Introduce yourself #insixwords
Logophile #Leo with a birthday tomorrow.
During Bout of Books 22, one of the challenges was to find a book from the year you were born.
I posted a book I dug up from 1979. For Bout of Books 23, I finally read it!
Day of the challenge: Day 1
What I read today: A More Innocent Time by Eugenie Hill
Total number of finished books: 1
Titles of finished books:
A More Innocent Time by Eugenie Hill
My GOALS during Bout of Books 23:
- Finish reading 5 books
- Take part in the challenges
- Write 5 book reviews
A More Innocent Time by Eugenie Hill
To be fair, I’d rather give this 3.5 stars than 3, but half stars aren’t an option.
The writing is fine for the time it came out, as is the editing, and all is well developed. I simply didn’t care for the story, the subject matter, or the characters. As such, I cannot bring myself to offer up four stars, which might be construed as liking this book, or worse, recommending it.
Agnes and Goff are the main characters the third person point of view most often centers upon. Only one makes it to the end of the book. And only one is depicted as a human rather than an object. Both are horribly guilty of crimes against morality; neither is ever charged, and only one of them even momentarily considers the legal ramifications.
“And that rendered her vulnerable. All at once she was within his power.” That’s a quote from the moment Goff considers himself in love with Agnes. He later tells her of this love, though he’s still a child at the time. She tells him she’s flattered. He angers and uses intimidation and force to make her say she loves him back and then to kiss him. Goff’s antisocial personality disorder is clear even at the beginning of puberty.
Goff’s best friend is Andrew. At age twelve, Andrew starts raping his own sister. Goff admires him for it, especially since Andrew is the first one among his classmates to have had sex. They consider the blood and tears to be natural. (Are you getting a sense of why I don’t care for this book?)
Eventually, Goff begs Agnes to have sex. “She didn’t put up a very strong resistance. What was the use of that? He might have forced her anyway.” Nothing says “love” like committing a violent crime, right? And, bonus, getting the person you “love” to commit a crime, because the sex was statutory rape.
Just when Agnes seems to be redeemable, everything goes out the window. “She wondered whether Goff would come. She had to admit that she wanted him to find her desirable still, shallow as that was.” The character is worried about being shallow when she ought to be seeking therapy for hoping a child is sexually attracted to her. I guess at least it makes Goff slightly less of a monster… except it doesn’t, because soon after that he impregnates a girl his own age, then gets the girl to have an abortion by sending Andrew over there, and then the girl tries to kill herself. (Whoops, that might be a spoiler. Or, if you find this sort of thing offensive, I’ve just saved you, so #youarewelcome.)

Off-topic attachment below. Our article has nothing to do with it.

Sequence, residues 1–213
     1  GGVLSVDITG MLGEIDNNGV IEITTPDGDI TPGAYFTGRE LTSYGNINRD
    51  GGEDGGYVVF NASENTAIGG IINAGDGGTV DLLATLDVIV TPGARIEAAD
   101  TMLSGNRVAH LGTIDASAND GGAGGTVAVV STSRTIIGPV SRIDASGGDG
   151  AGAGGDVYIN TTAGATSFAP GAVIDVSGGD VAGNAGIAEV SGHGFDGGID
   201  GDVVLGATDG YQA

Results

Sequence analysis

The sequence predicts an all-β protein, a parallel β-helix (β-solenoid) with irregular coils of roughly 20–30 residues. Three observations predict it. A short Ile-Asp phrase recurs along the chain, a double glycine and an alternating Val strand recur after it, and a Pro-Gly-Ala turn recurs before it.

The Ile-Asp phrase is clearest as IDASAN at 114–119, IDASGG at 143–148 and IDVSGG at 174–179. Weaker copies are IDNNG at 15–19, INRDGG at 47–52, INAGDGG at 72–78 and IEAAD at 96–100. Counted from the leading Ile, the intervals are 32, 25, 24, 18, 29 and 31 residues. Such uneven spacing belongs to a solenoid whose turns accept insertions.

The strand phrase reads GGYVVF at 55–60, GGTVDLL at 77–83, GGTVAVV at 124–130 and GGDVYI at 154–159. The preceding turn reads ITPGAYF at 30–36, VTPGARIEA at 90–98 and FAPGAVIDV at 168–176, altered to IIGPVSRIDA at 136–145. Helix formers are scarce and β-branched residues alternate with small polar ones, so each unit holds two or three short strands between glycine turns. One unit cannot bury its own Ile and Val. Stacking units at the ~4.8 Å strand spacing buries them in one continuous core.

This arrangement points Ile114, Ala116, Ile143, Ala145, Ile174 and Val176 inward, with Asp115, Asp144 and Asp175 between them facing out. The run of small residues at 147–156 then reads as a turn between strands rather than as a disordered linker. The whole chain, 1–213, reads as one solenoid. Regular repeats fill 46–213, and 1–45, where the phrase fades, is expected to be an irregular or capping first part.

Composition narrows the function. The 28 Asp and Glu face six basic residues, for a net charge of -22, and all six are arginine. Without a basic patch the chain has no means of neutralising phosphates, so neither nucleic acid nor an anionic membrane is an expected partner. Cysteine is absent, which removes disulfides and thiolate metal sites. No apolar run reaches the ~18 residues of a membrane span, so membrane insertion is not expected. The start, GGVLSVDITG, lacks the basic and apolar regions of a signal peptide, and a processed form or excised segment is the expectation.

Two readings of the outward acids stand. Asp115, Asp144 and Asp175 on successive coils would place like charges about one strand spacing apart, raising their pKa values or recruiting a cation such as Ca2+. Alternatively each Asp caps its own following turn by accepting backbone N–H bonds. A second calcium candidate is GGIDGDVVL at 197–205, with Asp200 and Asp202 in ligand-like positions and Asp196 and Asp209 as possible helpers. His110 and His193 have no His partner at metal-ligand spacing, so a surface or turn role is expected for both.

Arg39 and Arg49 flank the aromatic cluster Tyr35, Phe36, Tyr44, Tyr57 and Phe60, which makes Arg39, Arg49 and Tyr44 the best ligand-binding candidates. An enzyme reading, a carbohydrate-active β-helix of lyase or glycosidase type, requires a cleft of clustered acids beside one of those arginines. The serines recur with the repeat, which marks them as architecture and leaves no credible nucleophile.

Perhaps Agnes is meant to be redeemed by her lack of self-confidence. She’s always telling Goff (and later, Justin) that she’s just what he wants for now, that he’ll eventually be interested in girls his own age instead. That it’s all just an infatuation and that she’s keeping him from someone more suitable. She even asks herself if the reason behind her choices is that she believes it won’t last. But there may have been something to it. The moment she’s physically unable to have sex (healing from a medical issue), he thinks that she’s no good and considers having sex with a friend, or even a prostitute.
I would not consider this book to be a romance or erotica. “The tragedy is a genre of traditional drama that is generally characterized by serious themes and the eventual downfall of the protagonist of the drama.” “Tragedy has a noble character who falls from grace. Evokes emotions of pity and fear from its audience.” By those definitions, tragedy is the genre I would use to classify this novel.
As near as I can tell, this book was by a #DebutAuthor, as it seems to be the only one she ever published. I’ve never read it before, and obviously never read anything else she wrote, and don’t think I’ve ever even read anything similar to this, so it certainly counts for the Try Something New challenge.